These processions are representations of different episodes narrated in the Gospels, relating the Passion, Crucifixion and Death of Jesus Christ, each representation is called a "Paso". Since the time of the conquest the pasos have been carried through the streets on the shoulders of the traditional 'cargueros' in a route shaped like a cross, which takes in the main churches and temples of the city. Since 2009 the Popayán Holy Week processions have been inscribed in the UNESCO Intangible Cultural Heritage Lists

Traditional cinema is represented in the city by the Bolivar Cultural Center, which shows independent films. There is also a theater, the Royal Films multiplex in the Campanario Mall, which has four modern 3D digital cinema screens, and a new theater, Cine Colombia multiplex in the Terra plaza Mall (the newest in the city)

In addition there are several film clubs, many of them located within the University of Cauca. The Cineclub La Tuátara runs every Wednesday in the Comfacauca Institute of Technology auditorium (opened 2001), which has established itself as a cultural space for the city.

A very important innovation is the program of the Radio Universidad del Cauca station 104.1 fm, 'Cinema Radio', on air Saturdays at noon, in which are created thematic cycles. They present news about cinema, 'the seventh art', and also discuss the history of film and audiovisual language. Talking about cinematographic production, there are some people who are working to strengthen the seventh art in the municipality.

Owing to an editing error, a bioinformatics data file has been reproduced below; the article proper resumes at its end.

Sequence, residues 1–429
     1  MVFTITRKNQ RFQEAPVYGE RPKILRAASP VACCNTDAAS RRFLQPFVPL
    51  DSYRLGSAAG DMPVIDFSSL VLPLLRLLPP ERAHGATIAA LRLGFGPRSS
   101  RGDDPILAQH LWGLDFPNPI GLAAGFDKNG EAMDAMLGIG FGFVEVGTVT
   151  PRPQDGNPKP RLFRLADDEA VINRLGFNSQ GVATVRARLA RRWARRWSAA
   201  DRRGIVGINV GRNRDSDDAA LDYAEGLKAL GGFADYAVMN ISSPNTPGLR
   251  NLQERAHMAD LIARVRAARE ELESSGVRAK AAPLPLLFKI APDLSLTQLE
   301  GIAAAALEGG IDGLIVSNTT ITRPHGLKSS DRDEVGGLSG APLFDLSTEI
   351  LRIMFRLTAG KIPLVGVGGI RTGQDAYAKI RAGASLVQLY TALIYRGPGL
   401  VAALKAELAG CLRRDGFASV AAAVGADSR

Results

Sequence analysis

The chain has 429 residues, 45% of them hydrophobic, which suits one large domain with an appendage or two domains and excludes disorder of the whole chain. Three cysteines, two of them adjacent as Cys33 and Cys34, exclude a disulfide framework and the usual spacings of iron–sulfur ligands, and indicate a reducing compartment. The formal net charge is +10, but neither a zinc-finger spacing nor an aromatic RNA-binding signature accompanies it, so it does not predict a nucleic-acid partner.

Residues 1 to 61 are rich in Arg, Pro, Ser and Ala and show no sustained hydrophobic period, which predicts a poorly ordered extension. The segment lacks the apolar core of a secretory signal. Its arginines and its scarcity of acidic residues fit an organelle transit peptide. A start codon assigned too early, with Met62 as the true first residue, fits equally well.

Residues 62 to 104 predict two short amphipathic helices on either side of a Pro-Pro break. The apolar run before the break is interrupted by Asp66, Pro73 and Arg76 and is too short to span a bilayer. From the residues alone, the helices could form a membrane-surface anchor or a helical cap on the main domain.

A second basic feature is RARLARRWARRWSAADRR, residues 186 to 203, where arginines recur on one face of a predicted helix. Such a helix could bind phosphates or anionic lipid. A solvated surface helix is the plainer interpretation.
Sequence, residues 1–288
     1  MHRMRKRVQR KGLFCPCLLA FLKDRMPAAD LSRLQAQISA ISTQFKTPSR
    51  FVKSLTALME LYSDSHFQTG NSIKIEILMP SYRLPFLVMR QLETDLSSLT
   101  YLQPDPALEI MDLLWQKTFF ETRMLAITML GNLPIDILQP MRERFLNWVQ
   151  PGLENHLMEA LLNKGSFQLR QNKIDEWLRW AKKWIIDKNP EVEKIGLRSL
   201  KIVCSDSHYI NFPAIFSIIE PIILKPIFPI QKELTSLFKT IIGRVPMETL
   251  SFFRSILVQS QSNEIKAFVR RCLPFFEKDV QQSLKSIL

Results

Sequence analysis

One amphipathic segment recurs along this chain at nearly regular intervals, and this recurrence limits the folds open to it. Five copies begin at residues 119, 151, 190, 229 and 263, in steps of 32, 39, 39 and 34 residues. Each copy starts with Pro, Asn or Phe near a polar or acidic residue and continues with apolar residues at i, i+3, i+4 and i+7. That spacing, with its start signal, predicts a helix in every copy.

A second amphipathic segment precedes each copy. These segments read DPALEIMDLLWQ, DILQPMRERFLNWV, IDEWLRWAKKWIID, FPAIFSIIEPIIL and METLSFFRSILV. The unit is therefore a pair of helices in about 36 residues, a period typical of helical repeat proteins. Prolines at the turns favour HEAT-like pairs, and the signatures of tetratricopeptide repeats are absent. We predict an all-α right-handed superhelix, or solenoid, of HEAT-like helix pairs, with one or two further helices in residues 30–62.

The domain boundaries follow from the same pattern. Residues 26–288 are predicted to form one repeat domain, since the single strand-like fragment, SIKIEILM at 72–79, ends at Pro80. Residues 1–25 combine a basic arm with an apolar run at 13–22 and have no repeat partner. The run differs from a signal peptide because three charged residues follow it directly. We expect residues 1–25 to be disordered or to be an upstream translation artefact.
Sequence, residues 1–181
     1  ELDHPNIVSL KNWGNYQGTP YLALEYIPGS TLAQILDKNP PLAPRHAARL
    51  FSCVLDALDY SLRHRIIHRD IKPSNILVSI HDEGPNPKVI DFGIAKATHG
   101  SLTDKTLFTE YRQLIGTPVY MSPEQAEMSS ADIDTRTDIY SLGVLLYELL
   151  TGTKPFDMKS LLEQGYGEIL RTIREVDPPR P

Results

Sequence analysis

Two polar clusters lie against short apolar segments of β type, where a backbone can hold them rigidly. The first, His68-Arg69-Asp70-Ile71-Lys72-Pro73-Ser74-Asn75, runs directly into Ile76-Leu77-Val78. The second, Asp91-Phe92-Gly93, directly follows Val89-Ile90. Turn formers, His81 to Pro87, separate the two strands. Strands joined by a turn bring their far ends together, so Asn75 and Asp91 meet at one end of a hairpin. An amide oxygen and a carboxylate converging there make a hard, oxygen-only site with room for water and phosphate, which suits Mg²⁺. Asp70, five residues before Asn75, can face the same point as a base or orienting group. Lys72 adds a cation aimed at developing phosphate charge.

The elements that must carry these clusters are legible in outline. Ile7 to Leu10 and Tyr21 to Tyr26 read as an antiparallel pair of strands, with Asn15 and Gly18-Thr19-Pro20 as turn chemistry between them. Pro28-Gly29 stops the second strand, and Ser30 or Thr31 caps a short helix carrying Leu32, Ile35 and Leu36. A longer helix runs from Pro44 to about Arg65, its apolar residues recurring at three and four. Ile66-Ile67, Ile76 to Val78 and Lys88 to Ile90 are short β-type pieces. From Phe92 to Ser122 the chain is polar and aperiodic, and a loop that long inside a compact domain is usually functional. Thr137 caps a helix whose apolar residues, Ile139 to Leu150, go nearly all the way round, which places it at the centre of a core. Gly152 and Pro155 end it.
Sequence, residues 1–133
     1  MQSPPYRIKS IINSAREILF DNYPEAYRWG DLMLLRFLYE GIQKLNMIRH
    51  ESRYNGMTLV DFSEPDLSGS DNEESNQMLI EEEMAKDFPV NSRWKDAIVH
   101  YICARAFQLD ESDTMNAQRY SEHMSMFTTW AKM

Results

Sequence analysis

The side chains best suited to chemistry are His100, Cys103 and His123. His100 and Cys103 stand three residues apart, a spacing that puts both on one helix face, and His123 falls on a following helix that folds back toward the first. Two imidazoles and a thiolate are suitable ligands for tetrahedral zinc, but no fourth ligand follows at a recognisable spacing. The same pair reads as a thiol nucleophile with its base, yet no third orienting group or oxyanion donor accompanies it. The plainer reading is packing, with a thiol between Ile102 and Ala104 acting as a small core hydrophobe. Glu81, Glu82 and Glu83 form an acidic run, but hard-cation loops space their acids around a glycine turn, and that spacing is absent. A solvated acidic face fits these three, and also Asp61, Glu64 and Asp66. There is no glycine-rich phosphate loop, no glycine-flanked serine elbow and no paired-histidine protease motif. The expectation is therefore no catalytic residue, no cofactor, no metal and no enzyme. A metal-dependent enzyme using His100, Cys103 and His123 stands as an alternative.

Cauca Department (Spanish pronunciation: [ˈkawka], Spanish: Departamento del Cauca) is a Department of Colombia. Located in the southwestern part of the country, facing the Pacific Ocean to the west, the Valle del Cauca Department to the north, Tolima Department to the northeast, Huila Department to the east, and Nariño Department to the south. Putumayo and Caqueta Departments border the southeast portion of Cauca Department as well. It covers a total area of 29,308 km2 (11,316 sq mi), the 13th largest in Colombia. Its capital is the city of Popayán. The offshore island of Malpelo belongs to the department. It is located in the southwest of the country near the Andean (between 0°58′54″N and 3°19′04″N latitude, 75°47′36″W and 77°57′05″W longitude). The area includes 2.56% of the country.

The Cauca economy is based primarily on agriculture and livestock production, forestry, fishing and trade. Agriculture has been developed and modernized in the northern department, with the main crops being sugar cane, cane panela, conventional maize, rice, corn tech, banana, agave, yucca, potatoes, coconut, sorghum, cocoa, groundnut, and palm.

In the Pacific region is extracted gold, silver and platinum. Other non-precious minerals that are exploited are sulfur, asbestos, limestone, talc, gypsum and coal. The manufacturing industry is located in Popayán, Santander de Quilichao, Puerto Tejada with factories of food, beverages, dairy products, paper, packaging, wood processing, sugar industry and paper processing for export. The main centers of commercial activity are Popayán, Santander de Quilichao, Patia, Puerto Tejada, Piendamó and Corinto.